- Tonya Surman
One of the best teachers I've had in life (though I doubt she knows this) is Leslie Noble. I learned more from watching how she worked, approached conversations and generally carried herself than I did from most people from the side of politics I was actively involved in.
A key concept she helped bring into clarity for me was the concept of self-interest. Government Relations, she argued, was the art of helping people see what benefits them in your objectives. Unless you could make your solution part of their solution, you were just another voice in the crowd.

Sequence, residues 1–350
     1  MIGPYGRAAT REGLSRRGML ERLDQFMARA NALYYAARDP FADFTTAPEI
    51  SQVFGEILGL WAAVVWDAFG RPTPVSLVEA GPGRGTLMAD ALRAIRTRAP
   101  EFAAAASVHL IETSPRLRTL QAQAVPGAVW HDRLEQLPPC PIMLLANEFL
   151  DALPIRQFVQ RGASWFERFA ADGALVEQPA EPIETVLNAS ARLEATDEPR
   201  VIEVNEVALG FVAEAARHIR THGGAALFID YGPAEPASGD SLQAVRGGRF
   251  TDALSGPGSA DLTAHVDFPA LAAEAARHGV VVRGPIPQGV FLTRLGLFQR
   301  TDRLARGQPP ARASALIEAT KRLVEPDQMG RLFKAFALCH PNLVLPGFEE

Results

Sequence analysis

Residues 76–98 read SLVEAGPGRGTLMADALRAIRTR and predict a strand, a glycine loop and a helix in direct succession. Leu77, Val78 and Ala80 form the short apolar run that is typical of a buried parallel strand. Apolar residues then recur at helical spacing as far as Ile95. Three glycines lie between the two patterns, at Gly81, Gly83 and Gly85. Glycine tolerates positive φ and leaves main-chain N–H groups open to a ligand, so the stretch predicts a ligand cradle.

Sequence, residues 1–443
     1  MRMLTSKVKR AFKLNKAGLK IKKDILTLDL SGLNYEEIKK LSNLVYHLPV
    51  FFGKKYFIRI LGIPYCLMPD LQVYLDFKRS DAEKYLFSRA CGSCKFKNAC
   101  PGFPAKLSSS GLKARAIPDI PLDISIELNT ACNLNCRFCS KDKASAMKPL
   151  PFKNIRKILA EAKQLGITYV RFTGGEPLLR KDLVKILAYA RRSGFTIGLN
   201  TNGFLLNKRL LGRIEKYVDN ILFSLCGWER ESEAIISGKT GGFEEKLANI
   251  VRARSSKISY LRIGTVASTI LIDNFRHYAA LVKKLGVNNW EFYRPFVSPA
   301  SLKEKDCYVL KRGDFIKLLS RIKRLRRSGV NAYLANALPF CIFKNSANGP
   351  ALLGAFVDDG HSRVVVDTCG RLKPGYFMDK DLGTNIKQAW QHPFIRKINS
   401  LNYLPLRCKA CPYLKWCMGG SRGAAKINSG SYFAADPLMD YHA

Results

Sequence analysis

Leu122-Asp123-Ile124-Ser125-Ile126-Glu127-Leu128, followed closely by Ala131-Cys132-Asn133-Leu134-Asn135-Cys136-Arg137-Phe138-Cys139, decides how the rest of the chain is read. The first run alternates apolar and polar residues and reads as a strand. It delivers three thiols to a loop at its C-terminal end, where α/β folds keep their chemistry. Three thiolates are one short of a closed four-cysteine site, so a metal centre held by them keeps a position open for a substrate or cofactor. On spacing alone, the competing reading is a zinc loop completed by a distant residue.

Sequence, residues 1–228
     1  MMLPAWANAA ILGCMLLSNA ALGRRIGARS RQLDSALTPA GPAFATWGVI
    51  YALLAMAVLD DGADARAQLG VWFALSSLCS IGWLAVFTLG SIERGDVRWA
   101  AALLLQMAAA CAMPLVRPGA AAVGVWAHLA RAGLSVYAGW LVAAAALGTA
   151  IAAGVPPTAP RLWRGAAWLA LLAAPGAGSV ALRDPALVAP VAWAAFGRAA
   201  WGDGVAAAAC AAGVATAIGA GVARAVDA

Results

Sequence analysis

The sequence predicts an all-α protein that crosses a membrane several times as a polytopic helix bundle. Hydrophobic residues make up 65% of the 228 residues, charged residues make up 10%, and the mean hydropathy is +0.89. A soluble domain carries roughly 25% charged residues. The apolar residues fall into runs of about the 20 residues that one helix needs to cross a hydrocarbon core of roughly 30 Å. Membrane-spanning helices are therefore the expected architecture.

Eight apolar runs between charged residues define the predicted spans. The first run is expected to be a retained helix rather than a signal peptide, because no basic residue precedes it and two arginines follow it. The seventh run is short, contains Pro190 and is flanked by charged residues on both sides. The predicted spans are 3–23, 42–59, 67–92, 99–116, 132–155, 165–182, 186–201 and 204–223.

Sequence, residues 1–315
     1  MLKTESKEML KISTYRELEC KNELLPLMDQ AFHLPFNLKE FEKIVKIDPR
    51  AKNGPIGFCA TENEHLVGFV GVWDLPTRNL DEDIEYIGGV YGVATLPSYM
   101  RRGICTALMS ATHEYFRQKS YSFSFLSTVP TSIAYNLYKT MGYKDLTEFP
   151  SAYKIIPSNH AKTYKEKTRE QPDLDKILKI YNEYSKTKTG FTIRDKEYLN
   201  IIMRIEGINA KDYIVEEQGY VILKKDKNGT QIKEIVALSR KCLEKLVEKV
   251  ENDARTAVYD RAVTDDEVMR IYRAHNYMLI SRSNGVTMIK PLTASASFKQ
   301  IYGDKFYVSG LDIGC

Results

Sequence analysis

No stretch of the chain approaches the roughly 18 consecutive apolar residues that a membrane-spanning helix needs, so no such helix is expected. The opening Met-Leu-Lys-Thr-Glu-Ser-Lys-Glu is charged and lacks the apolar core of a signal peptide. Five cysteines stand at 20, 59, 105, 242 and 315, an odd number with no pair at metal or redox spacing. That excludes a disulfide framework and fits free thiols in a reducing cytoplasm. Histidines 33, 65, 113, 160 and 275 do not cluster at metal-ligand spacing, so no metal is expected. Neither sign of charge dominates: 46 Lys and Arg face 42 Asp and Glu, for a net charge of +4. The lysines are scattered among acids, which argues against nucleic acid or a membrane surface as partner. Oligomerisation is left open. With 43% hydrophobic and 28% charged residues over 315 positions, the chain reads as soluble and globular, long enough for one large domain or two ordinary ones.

Leslie's goals were not to change the world, mind you - ultimately, the role I saw her in was businesswoman, helping her clients get wins with government.
Tonya Surman is another smart business woman who understands the importance of motivation. If people can't see themselves in what you're trying to do, well - there's things directly in front of them that will get more of their attention.
So what of altruism, then? How does collective benefit, which can seem like the polar opposite of self-interest, become a personal motivation?
And that's the trick, isn't it?